Finally…the PERFECT barber chair!!

Needless to say, I didn’t get a ton of sleep in the month of August. I didn’t take the best of care of myself, and while I didn’t have time to worry, my body decided to stress on it’s own. I lost 5 pounds but thankfully stayed healthy throughout the month. (don’t be jealous, I immediately gained it back when the fair ended and all I wanted to do was eat and sleep, hahaha!) I shudder to think of what a simple cold virus could have done to me that month!

And Then There Were Artists!

Three days before the fair started I held an on-site meeting for my 13 wonderful artist friends who had graciously agreed to give up part of their busy, profitable summer month to take a chance with me on the fair. It was an emotional day, as it all became more real…I handed out sparkly hats with the Glitter Glamper logo and name tags, went over processes and the booth and answered lots of questions. All of my sweet painty friends were absolutely amazing! Not only did they all hike out to the fair for a meeting, but they even surprised me with sweet gifts, a cake, and sang to me! All I could think was that I didn’t want to let these amazing people down! 

My “Glampettes!” There’s NO way I could have done this without them!!

Naturally, with 13 artists and a handful of family members come dozens and dozens of ideas for ways to change or improve things. Everyone was very excited to see how the booth was coming along and had great ideas, and I was able to implement many of them in the couple days I had left before the fair started, though had to table some for next year as I just simply had run out of time! 

A few pics from our meeting day! My son Sam also filmed me opening up the booth so I could make an instructional video for the artists.

I would later learn that my husband had told my family wanting to help, to not suggest anything new or any changes to me…simply do what I ask…because I tend to take every suggestion as an item on my to-do list. This is true, and my desire to make my booth the most comfortable, fun and functional space possible for all of my artists, I left the meeting totally overwhelmed with new suggestions that I wanted to implement but simply couldn’t physically address them all. I had to force myself to prioritize and let a lot of things go. On top of that, my cash register drawer was not working, internet was not working, and I only had a couple more days to figure it all out. Aaah! Oh, and did I mention my vehicle which had never had issues in the decade I’ve driven it, suddenly decided to NOT start on random occasions for no clear reason? Yup, I ended up stranded at the fair during setup a couple times, and we still to this day have no idea what is wrong or when it will act up again and leave me stranded. Thankfully my best friend (who’s husband also hauled all my stuff with his trailer) loaned me her van for the entire fair and then some, and took my boys for multiple day-long play dates so I could get work done.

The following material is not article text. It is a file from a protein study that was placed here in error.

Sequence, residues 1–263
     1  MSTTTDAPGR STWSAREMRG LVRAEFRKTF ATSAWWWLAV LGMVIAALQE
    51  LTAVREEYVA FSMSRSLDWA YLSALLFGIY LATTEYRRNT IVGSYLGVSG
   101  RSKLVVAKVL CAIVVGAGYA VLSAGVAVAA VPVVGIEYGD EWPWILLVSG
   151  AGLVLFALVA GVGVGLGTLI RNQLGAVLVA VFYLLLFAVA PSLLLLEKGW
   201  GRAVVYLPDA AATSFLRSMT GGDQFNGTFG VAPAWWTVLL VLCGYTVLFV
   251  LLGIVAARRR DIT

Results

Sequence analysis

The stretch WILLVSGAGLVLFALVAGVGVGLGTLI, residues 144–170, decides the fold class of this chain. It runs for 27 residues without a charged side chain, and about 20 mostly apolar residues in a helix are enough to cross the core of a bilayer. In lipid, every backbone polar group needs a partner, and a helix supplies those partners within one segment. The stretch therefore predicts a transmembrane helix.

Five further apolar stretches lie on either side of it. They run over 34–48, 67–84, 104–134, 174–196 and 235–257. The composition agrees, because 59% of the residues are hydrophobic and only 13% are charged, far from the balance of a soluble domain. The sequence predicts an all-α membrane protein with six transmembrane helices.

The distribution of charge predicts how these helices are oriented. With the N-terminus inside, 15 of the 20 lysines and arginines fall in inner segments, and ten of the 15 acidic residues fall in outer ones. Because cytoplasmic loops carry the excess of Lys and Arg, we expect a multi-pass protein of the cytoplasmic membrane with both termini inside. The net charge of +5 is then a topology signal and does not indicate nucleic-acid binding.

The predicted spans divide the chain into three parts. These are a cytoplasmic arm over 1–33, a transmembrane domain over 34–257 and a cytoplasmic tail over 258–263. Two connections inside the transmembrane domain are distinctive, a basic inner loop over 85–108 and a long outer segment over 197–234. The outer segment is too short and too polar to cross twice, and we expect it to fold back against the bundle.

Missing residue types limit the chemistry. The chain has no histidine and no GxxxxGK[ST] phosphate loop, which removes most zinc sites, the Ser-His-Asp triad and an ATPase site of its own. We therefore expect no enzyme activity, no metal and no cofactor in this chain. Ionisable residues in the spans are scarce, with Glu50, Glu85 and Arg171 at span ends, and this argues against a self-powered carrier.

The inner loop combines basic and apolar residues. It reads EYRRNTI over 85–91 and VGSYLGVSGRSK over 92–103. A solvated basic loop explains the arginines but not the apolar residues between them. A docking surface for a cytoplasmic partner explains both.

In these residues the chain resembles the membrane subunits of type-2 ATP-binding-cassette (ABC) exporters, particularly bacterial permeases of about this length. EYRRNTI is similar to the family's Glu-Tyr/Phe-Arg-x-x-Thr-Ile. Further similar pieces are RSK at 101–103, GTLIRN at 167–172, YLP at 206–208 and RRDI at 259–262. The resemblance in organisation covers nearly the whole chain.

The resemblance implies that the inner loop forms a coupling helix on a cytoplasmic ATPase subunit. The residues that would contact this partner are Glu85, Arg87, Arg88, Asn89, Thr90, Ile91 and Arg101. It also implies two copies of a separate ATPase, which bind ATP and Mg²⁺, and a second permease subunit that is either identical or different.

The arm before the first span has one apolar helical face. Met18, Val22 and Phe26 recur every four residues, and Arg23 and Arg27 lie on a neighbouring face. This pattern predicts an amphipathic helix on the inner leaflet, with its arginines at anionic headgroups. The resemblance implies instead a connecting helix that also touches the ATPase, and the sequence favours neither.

The one thing I really, really wanted to do but just ran out of time for was hosting jams for all of the artists to practice what we were offering and develop some amount of consistency. Once again my wonderful friends stepped up, without me even asking, and hosted their own jams! Jodi hosted a jam, fed everyone pizza, printed out my “Glamping Guide” for everyone and even roped in a real beard to practice glittering on. Tricia hosted an ALL DAY open house style jam at her house, turning over her entire living room to glitter and made countless videos of her experimentations with various glitter products, tools and methods to share. Tiffany hosted a jam immediately following our on-site meeting to squeeze in some more practice before go time! They really picked up my slack and I’m eternally grateful! Jamming is one thing I will definitely make a lot more time for in 2020! In the huge list of things I had to “let go,” jamming was on the TOP of the list as far as importance to the whole operation, and will be the first item to move up to my DO list next year.